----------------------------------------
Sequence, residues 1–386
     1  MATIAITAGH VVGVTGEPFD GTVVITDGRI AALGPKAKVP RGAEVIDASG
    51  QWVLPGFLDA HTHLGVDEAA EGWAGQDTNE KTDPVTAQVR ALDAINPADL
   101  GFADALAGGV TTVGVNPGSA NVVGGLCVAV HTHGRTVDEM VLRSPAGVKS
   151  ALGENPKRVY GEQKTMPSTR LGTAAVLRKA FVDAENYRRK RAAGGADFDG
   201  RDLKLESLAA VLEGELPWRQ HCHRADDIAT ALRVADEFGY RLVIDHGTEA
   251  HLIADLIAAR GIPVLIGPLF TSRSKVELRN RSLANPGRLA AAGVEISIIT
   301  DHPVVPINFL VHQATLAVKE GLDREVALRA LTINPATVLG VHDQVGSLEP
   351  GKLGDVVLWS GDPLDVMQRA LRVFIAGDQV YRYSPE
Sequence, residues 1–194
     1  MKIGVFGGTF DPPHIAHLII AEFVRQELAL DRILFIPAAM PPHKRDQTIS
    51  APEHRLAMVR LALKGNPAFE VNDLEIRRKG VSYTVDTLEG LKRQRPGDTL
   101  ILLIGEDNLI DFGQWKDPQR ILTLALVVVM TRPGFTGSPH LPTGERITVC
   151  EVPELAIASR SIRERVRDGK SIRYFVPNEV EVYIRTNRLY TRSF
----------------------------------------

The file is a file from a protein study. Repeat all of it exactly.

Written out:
Sequence, residues 1–386
     1  MATIAITAGH VVGVTGEPFD GTVVITDGRI AALGPKAKVP RGAEVIDASG
    51  QWVLPGFLDA HTHLGVDEAA EGWAGQDTNE KTDPVTAQVR ALDAINPADL
   101  GFADALAGGV TTVGVNPGSA NVVGGLCVAV HTHGRTVDEM VLRSPAGVKS
   151  ALGENPKRVY GEQKTMPSTR LGTAAVLRKA FVDAENYRRK RAAGGADFDG
   201  RDLKLESLAA VLEGELPWRQ HCHRADDIAT ALRVADEFGY RLVIDHGTEA
   251  HLIADLIAAR GIPVLIGPLF TSRSKVELRN RSLANPGRLA AAGVEISIIT
   301  DHPVVPINFL VHQATLAVKE GLDREVALRA LTINPATVLG VHDQVGSLEP
   351  GKLGDVVLWS GDPLDVMQRA LRVFIAGDQV YRYSPE
Sequence, residues 1–194
     1  MKIGVFGGTF DPPHIAHLII AEFVRQELAL DRILFIPAAM PPHKRDQTIS
    51  APEHRLAMVR LALKGNPAFE VNDLEIRRKG VSYTVDTLEG LKRQRPGDTL
   101  ILLIGEDNLI DFGQWKDPQR ILTLALVVVM TRPGFTGSPH LPTGERITVC
   151  EVPELAIASR SIRERVRDGK SIRYFVPNEV EVYIRTNRLY TRSF